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Former SS soldier charged for disparaging Nazi victims & denying Holocaust in TV interview

Former SS soldier charged for disparaging Nazi victims & denying Holocaust in TV interview
A former SS officer has been arrested and charged with incitement after telling TV interviewers that victims of a World War II Nazi massacre were to blame for their own deaths. He was also charged with denying the Holocaust.

In an interview for a German TV program, the former officer, 96-year-old Karl Munter, admitted his role in a massacre in the French village of Ascq during the latter half of the Second World War. Taking revenge for acts of sabotage by the French resistance, Munter’s SS unit rounded up 86 villagers and shot them dead; some of the victims were as young as 15.

The ex-SS officer defended the killings in the interview, suggesting that the villagers had brought their fate upon themselves.

“If I arrest men, I have responsibility for them, and if they run away, I have the right to shoot them,” Munter said in the controversial broadcast, although he denies shooting anybody himself and insists he only helped take the victims into custody.

“Why should I regret it?” he claimed. “I didn’t fire a shot.”

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Munter also told the interviewers that “there weren’t millions of Jews at the time” of the Holocaust, arguing “that’s already been disproved,” for which he faces an additional charge. Holocaust denial is a crime in Germany.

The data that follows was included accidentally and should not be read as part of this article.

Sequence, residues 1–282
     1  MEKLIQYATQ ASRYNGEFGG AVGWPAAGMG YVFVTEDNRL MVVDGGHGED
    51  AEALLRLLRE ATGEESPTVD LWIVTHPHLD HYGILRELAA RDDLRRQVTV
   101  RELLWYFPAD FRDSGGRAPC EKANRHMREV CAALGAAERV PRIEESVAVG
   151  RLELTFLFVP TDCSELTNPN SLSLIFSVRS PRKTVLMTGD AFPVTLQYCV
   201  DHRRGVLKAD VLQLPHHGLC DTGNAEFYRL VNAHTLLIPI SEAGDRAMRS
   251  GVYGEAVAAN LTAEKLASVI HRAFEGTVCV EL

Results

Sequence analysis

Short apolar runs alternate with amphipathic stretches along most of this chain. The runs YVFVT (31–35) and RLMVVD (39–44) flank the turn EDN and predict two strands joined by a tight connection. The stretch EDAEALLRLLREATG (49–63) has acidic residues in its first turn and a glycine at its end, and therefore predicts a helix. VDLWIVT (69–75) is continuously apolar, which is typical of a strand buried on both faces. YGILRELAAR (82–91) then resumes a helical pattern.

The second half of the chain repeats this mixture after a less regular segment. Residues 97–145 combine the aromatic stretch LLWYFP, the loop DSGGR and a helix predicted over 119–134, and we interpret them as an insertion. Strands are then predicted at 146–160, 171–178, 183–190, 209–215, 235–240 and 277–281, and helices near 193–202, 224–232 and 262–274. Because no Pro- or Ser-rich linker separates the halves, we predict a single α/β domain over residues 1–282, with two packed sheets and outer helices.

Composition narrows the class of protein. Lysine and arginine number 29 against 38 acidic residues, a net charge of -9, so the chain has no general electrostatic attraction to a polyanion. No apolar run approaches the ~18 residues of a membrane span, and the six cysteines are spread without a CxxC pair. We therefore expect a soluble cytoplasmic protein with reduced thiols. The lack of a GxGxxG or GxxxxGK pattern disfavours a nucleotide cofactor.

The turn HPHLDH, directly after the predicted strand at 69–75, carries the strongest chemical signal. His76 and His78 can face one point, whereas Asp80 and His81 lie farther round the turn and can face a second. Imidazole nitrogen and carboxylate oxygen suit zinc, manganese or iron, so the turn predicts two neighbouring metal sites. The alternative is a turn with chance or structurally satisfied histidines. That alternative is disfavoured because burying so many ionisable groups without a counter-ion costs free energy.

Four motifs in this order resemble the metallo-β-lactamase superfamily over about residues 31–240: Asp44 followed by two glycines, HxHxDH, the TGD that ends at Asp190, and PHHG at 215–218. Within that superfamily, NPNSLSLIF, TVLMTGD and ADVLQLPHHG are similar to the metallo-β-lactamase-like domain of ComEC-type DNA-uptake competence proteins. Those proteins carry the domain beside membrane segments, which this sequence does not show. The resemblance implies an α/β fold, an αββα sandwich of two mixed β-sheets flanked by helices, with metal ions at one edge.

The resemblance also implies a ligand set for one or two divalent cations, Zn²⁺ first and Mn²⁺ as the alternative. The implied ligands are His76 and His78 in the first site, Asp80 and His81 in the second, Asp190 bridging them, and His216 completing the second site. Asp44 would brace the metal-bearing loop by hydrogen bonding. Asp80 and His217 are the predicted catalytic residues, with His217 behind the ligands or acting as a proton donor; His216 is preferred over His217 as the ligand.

Prosecutors said on Wednesday that they have charged the former officer with incitement and for disparaging the memory of the dead, which carry possible jail sentences of five and two years, respectively, the AFP news agency reported. Munter’s defense argues that he didn’t realize he was being recorded, and that the World War II vet does not view his statements as incitement.

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In 1949, Munter was sentenced to death in absentia by a French court for his participation in the Ascq executions, but managed to avoid punishment until he was pardoned six years later, as part of a French-German post-war reconciliation deal. German prosecutors considered reopening his case, but dropped the investigation last year over concerns of “double jeopardy,” or charging somebody for the same crime twice.

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